The United States has become more of a political hotbed now than at almost any other time during its history. It seems that everyone has a strong opinion and is willing to voice it at any available opportunity. Most of these opinions come in the form of an “us versus them” ultimatum. Men vs. Women. White vs. Black. Gay vs. Straight. We’ve seen it all couched into buzzwords and boxes that one must adopt or disavow in order to have a sense of belonging. This tribal scheme threatens to tear apart our way of living.
However, a great deal of this rhetoric is couched in terms of “equality”. We say that X should be equal to Y. We can’t go a day without hearing how income and wealth inequality are scourges that threaten society as we know it. But the discussion naturally raises the question of what our alternative is. If we denounce inequality, then ostensibly we want equality to solve all of our problems. But what would this kind of equality even look like?
I think it is important to break down exactly what equality means in this context. Usually, when people think of equality, they think of cases like Brown vs. Board of Education of Topeka. They think that the government should step in to ensure a constitutional prohibition against the sort of nefarious discrimination that we have seen in the past. We want to make it so that schools can’t segregate, lunch counters must seat everyone regardless of race, and employers can’t refuse to hire women. These are all laudable objectives, and we should certainly seek to ensure that this kind of discrimination is not allowed to thrive under the law.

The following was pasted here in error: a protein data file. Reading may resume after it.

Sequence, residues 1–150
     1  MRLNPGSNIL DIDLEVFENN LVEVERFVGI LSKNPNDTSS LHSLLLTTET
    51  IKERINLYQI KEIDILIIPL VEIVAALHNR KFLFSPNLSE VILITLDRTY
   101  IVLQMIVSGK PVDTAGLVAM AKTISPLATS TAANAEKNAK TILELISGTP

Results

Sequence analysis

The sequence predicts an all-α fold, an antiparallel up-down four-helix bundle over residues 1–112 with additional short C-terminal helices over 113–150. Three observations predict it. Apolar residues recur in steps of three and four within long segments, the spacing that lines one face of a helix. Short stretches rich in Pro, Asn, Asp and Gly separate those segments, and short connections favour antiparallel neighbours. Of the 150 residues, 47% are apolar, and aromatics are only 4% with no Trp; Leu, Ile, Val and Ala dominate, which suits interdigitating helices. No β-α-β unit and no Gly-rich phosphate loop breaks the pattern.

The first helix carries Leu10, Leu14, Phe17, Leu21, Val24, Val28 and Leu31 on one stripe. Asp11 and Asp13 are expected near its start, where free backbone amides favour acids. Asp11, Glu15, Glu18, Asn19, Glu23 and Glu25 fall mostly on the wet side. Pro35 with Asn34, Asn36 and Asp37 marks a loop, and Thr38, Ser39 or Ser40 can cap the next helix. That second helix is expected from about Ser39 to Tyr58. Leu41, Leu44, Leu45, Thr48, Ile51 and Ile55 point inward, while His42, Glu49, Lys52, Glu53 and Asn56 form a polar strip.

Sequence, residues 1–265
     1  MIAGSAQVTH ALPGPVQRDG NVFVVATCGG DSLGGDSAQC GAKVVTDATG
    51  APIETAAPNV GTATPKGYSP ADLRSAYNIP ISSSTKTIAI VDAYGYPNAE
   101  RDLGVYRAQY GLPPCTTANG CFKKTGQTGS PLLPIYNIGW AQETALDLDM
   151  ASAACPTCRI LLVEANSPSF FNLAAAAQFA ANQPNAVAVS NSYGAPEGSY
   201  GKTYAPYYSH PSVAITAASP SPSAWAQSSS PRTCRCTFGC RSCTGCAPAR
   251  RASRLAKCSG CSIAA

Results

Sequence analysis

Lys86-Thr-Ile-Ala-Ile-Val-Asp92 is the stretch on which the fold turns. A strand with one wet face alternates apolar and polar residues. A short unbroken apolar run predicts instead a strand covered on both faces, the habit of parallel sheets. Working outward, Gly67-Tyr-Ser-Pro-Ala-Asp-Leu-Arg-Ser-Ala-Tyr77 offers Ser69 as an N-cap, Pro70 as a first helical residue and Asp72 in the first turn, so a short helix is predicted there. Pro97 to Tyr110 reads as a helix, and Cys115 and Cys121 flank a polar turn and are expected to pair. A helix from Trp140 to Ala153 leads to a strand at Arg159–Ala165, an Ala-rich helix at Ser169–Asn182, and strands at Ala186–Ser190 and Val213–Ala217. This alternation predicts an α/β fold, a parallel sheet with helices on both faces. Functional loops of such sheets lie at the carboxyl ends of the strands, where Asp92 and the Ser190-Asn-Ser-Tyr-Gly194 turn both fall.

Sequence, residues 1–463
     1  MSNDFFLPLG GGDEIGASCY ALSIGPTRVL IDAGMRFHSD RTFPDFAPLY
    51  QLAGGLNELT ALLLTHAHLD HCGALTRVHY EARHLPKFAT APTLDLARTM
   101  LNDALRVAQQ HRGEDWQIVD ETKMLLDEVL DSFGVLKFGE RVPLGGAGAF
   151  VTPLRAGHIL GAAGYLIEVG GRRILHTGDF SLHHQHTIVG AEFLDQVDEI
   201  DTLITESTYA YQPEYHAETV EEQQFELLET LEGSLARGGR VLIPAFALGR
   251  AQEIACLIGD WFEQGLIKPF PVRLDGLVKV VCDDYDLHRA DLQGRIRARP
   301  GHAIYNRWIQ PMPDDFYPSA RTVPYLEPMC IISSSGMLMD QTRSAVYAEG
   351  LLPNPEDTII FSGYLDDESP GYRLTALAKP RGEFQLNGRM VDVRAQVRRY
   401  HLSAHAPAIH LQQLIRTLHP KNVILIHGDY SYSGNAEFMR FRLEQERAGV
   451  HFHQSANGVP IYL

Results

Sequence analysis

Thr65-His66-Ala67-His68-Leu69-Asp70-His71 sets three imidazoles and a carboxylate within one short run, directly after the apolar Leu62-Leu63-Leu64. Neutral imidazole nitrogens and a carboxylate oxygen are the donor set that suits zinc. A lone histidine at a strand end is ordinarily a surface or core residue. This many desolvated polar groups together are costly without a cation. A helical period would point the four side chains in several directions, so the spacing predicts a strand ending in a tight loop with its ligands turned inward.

However, there is a new narrative creeping in. Beyond these obviously necessary forms of equality, people have begun to spread the idea that actual equality among all people is not only desirable but necessary to solve our collective social ills. Usually, one hears this argument in the context of discussions concerning income and wealth inequality.
But we need to stop and think about what actual equality would look like, particularly with respect to income or wealth. In order for true equality to exist, millions of people would need to willingly surrender billions of dollars to others who are less fortunate. This proposition is about as farfetched as they come. However, if we assume that this could happen, how long would it take for the whole thing to fail and for inequality to dominate once more? I think it would be a matter of days. True equality exists, at best, like a newly-discovered element. It can theoretically be seen for a very short time before devolving into a more stable form.
Deals would take place and certain skills would prove to be more valuable than others. In short, markets would emerge again. If markets for goods and skills could not give us the hope of earning more and distinguishing ourselves in the world, we would have no motivation to strive for more. True equality with respect to income and wealth would therefore be one of the worst things that could happen to our world. Capitalism certainly has its flaws. But it has spawned innovation beyond our wildest dreams. Mandating equality would stall all of that progress. Hopefully people think of that before continuing to spread this narrative.